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  • “No matter how many years I’ve been away, Home will always be India.”

    This was the closing line from a moving ad featuring expats, by British Airways.

    I left India over 30 years ago. It doesn’t feel like Home anymore. It never really did even before I left.

    I can remember when I was around 14 or 15, feeling like I didn’t belong there. I hadn’t been anywhere else, but I knew deep inside that India was not where I should be or wanted to be.

    It is a discomforting feeling to have, to not feel like you belong in your own place of birth.

    As a family we were all emotionally distant even while living under the same roof. My parents barely spoke to each other and only had functional conversations with the children. Each of the siblings traversed their own social orbits. We gathered together physically at day’s end for meals and shelter. And then off and about again in the morning to wherever one needed to go – school, college, jobs. I had no reason to come home at day's end other than the fact I had nowhere else to go for the essentials – food, bed, sundries. But for everything else – entertainment, socializing, learning, experimenting, sharing, baring – I had places to go, people to be with. Friends, friends of friends. Good, enjoyable people. But not ‘my people’.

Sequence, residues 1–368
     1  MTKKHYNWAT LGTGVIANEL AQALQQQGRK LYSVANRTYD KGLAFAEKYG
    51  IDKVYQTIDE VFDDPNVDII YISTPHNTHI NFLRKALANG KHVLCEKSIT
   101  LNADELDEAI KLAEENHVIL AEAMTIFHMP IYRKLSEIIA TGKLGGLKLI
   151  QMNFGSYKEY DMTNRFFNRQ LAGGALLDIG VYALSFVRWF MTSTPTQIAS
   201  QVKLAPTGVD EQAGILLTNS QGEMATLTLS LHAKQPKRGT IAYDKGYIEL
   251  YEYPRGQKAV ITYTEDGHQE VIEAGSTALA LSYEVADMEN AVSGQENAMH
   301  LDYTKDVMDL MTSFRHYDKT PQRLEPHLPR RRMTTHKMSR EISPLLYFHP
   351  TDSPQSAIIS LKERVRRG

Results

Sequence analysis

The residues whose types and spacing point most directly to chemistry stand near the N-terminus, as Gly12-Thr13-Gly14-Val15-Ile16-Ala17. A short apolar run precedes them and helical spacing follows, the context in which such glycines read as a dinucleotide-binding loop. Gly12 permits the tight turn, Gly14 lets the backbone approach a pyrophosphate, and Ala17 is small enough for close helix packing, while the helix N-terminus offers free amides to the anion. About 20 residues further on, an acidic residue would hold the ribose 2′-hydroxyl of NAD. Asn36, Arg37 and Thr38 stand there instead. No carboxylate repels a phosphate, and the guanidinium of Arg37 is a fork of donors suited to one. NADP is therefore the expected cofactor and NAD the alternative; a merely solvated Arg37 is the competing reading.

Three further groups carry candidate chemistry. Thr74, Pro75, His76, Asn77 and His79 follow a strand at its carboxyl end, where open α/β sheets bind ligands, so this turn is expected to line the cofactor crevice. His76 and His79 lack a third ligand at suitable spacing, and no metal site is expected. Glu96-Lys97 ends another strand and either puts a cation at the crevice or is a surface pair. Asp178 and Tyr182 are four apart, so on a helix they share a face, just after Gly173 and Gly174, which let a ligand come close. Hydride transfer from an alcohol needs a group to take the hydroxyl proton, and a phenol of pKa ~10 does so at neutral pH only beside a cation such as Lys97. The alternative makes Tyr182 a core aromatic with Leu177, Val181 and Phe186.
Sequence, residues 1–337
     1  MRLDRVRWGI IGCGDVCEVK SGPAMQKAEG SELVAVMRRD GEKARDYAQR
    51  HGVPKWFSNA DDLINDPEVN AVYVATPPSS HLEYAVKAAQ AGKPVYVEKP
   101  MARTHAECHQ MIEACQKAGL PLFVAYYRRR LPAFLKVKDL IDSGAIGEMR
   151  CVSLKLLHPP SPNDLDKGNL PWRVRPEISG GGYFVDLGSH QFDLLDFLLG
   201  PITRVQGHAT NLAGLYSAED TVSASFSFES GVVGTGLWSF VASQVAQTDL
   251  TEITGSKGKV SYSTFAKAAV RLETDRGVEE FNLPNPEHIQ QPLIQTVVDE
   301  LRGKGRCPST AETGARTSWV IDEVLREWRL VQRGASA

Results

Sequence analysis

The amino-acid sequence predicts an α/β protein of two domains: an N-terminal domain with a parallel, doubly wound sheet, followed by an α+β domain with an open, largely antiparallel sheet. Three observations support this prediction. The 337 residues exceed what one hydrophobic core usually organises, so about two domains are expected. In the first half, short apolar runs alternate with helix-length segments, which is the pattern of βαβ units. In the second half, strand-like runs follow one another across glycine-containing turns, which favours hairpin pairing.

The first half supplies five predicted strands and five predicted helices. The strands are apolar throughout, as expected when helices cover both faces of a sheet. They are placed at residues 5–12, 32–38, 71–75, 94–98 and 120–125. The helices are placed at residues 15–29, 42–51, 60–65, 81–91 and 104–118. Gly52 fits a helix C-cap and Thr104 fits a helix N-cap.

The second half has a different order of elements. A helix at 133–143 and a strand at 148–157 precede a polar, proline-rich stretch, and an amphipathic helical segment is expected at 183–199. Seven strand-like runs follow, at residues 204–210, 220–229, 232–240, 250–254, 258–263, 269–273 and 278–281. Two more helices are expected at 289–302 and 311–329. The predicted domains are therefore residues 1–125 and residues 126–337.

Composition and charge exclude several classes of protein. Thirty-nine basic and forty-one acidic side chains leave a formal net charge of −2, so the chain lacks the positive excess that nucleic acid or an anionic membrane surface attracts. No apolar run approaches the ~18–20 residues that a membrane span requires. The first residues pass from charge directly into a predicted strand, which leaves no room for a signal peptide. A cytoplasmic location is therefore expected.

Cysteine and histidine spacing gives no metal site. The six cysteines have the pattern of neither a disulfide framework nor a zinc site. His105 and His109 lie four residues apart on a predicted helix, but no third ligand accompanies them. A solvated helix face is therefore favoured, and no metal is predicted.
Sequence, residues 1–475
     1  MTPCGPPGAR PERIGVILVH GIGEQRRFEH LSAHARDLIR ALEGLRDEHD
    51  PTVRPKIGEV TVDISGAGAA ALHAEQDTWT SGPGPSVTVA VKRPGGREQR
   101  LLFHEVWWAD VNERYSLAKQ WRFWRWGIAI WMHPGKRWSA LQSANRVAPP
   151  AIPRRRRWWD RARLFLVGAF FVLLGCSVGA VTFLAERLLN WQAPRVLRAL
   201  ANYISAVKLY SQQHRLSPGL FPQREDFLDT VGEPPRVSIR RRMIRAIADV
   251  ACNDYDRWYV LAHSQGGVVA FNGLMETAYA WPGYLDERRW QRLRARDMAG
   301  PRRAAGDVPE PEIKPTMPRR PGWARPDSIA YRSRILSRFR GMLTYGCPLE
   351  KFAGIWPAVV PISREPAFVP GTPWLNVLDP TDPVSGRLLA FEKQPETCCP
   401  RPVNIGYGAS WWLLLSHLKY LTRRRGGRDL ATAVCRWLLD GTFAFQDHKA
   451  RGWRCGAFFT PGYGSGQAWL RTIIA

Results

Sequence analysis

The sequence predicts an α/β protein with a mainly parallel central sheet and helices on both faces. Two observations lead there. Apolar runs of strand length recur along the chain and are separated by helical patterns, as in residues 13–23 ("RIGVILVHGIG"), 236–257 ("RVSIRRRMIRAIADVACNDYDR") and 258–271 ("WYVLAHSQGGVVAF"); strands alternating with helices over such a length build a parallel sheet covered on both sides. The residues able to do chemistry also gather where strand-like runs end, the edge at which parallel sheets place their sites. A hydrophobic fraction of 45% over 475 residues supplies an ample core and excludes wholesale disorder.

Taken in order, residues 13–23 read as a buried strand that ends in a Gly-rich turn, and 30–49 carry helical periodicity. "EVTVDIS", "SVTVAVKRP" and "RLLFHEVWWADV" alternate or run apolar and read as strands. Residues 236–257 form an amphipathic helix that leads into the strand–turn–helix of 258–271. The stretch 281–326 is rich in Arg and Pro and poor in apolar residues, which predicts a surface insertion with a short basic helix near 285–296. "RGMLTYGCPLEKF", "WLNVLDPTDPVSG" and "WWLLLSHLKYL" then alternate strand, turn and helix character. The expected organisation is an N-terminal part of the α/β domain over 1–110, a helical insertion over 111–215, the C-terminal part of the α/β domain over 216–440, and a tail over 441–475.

As a nation, India had been stuck in an existential doldrum for all the years I lived there. The same problems and never-changing limitations. Fatalism, pervasive. Status quo ruled. An oppressive culture of expectations permeated all aspects of life. Behave a certain way, follow the path prescribed for you, listen to everyone but yourself.

    I had difficulty relating to its people – not as individuals, but as a society. I was at odds with its unquestioning ways. It stifled, constricted, and felt closed to my spirit. I needed more. I needed different. I needed change.

    I was so elated the day I learned I could leave this country I sobbed uncontrollably. I was giddy with excitement to be heading out into the unknown and the uncertain.

    That is it, I think. I thrive in doubt, uncertainty, and the possibilities of newness. I relish the feeling of a new journey – be it geographic, intellectual or emotional.

    In America, you have the freedom to define who you are and who you are going to be. In fact it is required.

    The privilege of fulfilling this self-imposed mandate has been a tortuous and achingly joyful journey since I arrived in the US. To find my way. To find me. To find home. I’m not there.

    But I do know this: India will never be Home for me.
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